Featured photo: Richard Beck, who is currently unhoused, was counted by the Point-In-Time count on Jan. 25, an annual event that tracks the number of homeless people in the country. (photo by Gale Melcher)
Every year on the last Wednesday of January, volunteers from across the country take to the streets to conduct a count of people who sleep outside.
City with Dwellings hosted this year’s Point-In-Time count for Forsyth County. Other organizations involved included Bethesda Center for the Homeless, United Way of Forsyth County, Samaritan Ministries, Veterans Affairs, City of Winston-Salem, Partners Behavioral Health Management and the Winston-Salem Rescue Mission.
The Point-In-Time count is a required activity at least every other year in order for Continuums of Care to receive federal homelessness funding from the US Department of Housing and Urban Development. Andrea Kurtz, executive director of Strategic Housing Initiatives for United Way of Forsyth County, explained this process to the crowd of volunteers gathered that evening.
“We report this data to HUD, HUD then uses this data from the whole country and reports it to Congress, and Congress uses this information to help plan how much money they’re going to invest in homeless services,” she said.
Kurtz added that across the country, homeless services have been very “helpful and meticulous” about how they invest money into programs that are best-practice oriented.
“We’ve seen Congress really respond to that,” she said.
In an interview with TCB, Kurtz said that they’re trying to get a picture of not just how many people are sleeping outside, but who they are.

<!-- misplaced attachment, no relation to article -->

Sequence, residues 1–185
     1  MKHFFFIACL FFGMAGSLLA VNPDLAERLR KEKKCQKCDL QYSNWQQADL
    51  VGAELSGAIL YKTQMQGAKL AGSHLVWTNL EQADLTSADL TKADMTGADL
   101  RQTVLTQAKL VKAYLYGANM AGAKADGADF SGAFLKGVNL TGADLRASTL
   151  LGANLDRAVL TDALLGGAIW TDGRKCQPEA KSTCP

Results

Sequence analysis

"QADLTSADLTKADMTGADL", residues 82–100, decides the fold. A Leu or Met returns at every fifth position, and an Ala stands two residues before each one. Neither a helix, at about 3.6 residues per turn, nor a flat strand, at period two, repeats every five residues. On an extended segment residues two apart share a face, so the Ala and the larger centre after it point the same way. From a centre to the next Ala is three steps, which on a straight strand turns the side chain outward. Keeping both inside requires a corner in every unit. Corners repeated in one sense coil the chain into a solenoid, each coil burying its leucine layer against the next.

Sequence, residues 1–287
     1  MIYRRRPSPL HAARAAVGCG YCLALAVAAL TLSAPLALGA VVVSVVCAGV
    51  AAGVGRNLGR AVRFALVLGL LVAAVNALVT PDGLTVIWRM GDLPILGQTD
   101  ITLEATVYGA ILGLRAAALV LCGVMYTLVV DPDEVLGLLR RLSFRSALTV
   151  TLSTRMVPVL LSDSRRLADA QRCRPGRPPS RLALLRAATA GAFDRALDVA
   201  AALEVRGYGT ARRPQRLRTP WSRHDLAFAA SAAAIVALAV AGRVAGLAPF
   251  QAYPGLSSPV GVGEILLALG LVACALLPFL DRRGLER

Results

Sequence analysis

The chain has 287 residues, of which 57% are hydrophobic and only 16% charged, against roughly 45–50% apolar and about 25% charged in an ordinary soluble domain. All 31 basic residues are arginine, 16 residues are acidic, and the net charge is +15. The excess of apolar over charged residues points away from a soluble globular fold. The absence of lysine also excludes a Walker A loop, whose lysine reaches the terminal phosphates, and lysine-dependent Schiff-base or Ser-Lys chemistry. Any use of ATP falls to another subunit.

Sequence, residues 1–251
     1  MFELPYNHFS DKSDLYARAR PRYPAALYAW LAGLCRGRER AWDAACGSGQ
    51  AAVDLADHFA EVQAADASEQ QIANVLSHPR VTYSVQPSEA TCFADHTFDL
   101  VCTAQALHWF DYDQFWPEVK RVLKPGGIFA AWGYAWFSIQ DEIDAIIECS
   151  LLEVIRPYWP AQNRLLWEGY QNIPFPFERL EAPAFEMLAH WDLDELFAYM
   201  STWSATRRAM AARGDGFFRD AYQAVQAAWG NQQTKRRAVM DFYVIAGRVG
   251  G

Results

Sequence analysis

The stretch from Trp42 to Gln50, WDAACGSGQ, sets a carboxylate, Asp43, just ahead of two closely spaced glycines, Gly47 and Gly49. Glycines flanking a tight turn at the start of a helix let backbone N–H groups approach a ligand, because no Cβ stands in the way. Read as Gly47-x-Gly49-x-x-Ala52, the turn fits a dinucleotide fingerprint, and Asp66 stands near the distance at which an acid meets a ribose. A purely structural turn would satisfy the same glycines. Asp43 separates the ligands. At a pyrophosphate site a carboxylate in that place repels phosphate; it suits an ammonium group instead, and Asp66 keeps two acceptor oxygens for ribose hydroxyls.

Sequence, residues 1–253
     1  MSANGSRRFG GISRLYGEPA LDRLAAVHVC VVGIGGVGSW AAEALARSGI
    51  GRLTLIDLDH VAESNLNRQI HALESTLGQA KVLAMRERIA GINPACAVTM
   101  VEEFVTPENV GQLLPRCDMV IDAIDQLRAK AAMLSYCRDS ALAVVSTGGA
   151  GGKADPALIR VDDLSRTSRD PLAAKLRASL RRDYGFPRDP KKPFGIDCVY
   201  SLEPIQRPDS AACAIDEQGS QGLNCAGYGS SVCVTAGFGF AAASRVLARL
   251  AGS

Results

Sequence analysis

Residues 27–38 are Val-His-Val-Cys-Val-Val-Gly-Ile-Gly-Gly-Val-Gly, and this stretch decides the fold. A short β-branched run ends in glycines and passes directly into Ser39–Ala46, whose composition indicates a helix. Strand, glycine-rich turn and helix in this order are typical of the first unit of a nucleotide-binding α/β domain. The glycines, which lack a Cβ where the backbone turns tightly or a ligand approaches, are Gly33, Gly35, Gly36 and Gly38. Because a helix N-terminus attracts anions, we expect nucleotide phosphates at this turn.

“We know that’s changed a lot since COVID started,” she said.
Kurtz explained that before the pandemic, the population of people sleeping outside was mostly single adults, the number hovering between 50-80 individuals. Now they estimate that around 250 people are sleeping outside, just from what they’ve learned through street outreach services.
John Mack, director of Outreach Services: Housing Matters for United Way, gave a quick presentation on how to respectfully interact with people sleeping outside.
“When you’re going into people’s camps, these are their homes,” Mack said.
“When someone comes to your house, what do they normally do?” he asked, raising his fist as if to tap on a door. “They knock; “Can I come in?’”
Mack instructed volunteers to approach people respectfully and announce their presence loudly. “When you go to the camps, you want to say ‘Outreach!’” Mack boomed. The respect in his voice resonated as much as his volume as he asked, “Can I have permission to come into your camp?”
If the person feels comfortable answering a few questions, volunteers can collect some information about them. As a data system administrator for the city, Laura Lama designs the survey according to HUD’s guidelines.
“Describe what you saw,” Lama said. “Describe where you saw them, what they were wearing, if they have a dog with them, just something that will help the outreach folks later this week…[who are] trying to find that person to follow up.”
Volunteers were also encouraged to ask people if they wanted to sleep somewhere warm that night.